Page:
Public sector fatcats to be named and shamed as Brown targets cuts
BBC chiefs and fat cats on huge salaries will be 'named and shamed' under Government plans to rein in the bloated public sector unveiled by Gordon Brown today.
Highly-paid BBC staff, GPs, judges, NHS bosses and local government chiefs will all be forced to publicly justify their earnings of more than £150,000 under the reforms outlined by Labour aimed at tackling the 'culture of excess'.
They will have to write to the relevant secretary of state setting out why they are worth such a large sum and then face the embarrassment of having the letter released.
Names and salaries - within £5,000 bands - of those involved will be published. The same restrictions will apply to anyone earning a bonus of £50,000-a-year or more.
'Organisations found to be squandering public funds or
over-generous in their salaries at the expense of services for people
will be named and shamed,' Mr Brown said.
BBC director general Mark Thompson (L) earns £834,000-a-year, his deputy Mark Byford (R) earns £485,000 and Director of Vision Jana Bennett £515,000
The BBC has at least 53 people on £150,000 or over who will be affected by the shake-up.
It is part of a last-gasp attempt by Labour to crack down on spiralling pay and bonuses in the public sector as it looks to a General Election next year.
Mr Brown said the Government had identified another £3billion in savings since the Budget in April and would now save £12billion over the next four years.
In the keynote speech this morning, he tried to paint Labour as the party of reform as he set out
his plans for the economy and efficiency savings for the next few years.
His aim was a 'slimmer, more streamlined' State, which would be achieved through the most sweeping changes in administration in Britain for half a century, he claimed.
As Britain battles to shake off the recession, he said 'every penny spent by Whitehall must count'.
'The days of "Whitehall knows best" are over. The days of the citizen in charge of the service have started,' he added.
The what? Simon Nelson is paid £177,000-a-year as the BBC's Controller of Multi-platform and Portfolio which he admits is a 'completely barmy' job title
Plans in Labour's 'Smarter Government' report include:
- Slashing senior civil servants' pay by 20 per cent, raising £100million a year.
- Cutting Whitehall's spending on consultants by half and reduce marketing costs by a quarter, saving £650million a year.
- Abolishing around 120 quangos over the next three years, saving £500million.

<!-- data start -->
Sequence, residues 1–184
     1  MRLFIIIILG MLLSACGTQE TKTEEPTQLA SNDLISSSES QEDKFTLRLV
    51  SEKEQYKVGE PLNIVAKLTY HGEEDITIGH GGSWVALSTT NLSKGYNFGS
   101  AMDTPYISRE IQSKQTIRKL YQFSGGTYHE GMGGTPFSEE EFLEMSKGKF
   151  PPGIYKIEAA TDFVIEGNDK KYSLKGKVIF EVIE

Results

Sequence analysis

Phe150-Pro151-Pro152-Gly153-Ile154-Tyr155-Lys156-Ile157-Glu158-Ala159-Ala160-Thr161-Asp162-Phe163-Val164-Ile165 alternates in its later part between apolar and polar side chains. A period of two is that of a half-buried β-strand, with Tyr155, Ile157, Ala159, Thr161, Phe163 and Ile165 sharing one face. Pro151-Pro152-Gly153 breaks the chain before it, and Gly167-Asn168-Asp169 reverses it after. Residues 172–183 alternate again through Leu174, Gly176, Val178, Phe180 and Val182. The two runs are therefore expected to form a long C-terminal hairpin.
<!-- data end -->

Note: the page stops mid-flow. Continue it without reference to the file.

- Moving most government services online within five years, starting with student loans, benefit applications and tax credit forms, to save £665million.
- Axing civil service early retirement terms, cutting redundancy pay for
top staff, and stopping people returning to work after pay-offs to
save half a billion.
- Increased energy efficiency across the public sector, saving £300million.
- Ordering local government to save £550million by reducing the number of inspections and cutting their budgets.
- Relocating another 10 per cent of civil servants out of the south east.
Mr Brown said other unspecified savings across the public sector will save £500million, helping Labour achieve its aim of halving the deficit over four years.
Despite reticence in Labour ranks about adopting a 'class war' against the Conservatives, he kept to the argument that they were only seeking to help the rich.
He claimed they were fixated on the State being the problem, when it was actually vital to helping some of the worst off in society.
Mr Brown directly attacked David Cameron's claim in his conference speech earlier this year, in which the Tory leader said: 'This is my DNA: family, community, country.'
The Prime Minister countered: 'I am afraid that in the DNA of those who believe that Government is always the obstacle, their conclusion appears to be remove the obstacles from the powerful and successful to keep doing well and the rest of society will somehow be able to take care of itself.
'In my DNA is the belief that a good society is a fair society, that Government is best seen as what we choose to do as a community together and that Government can be a force for good and fairness.'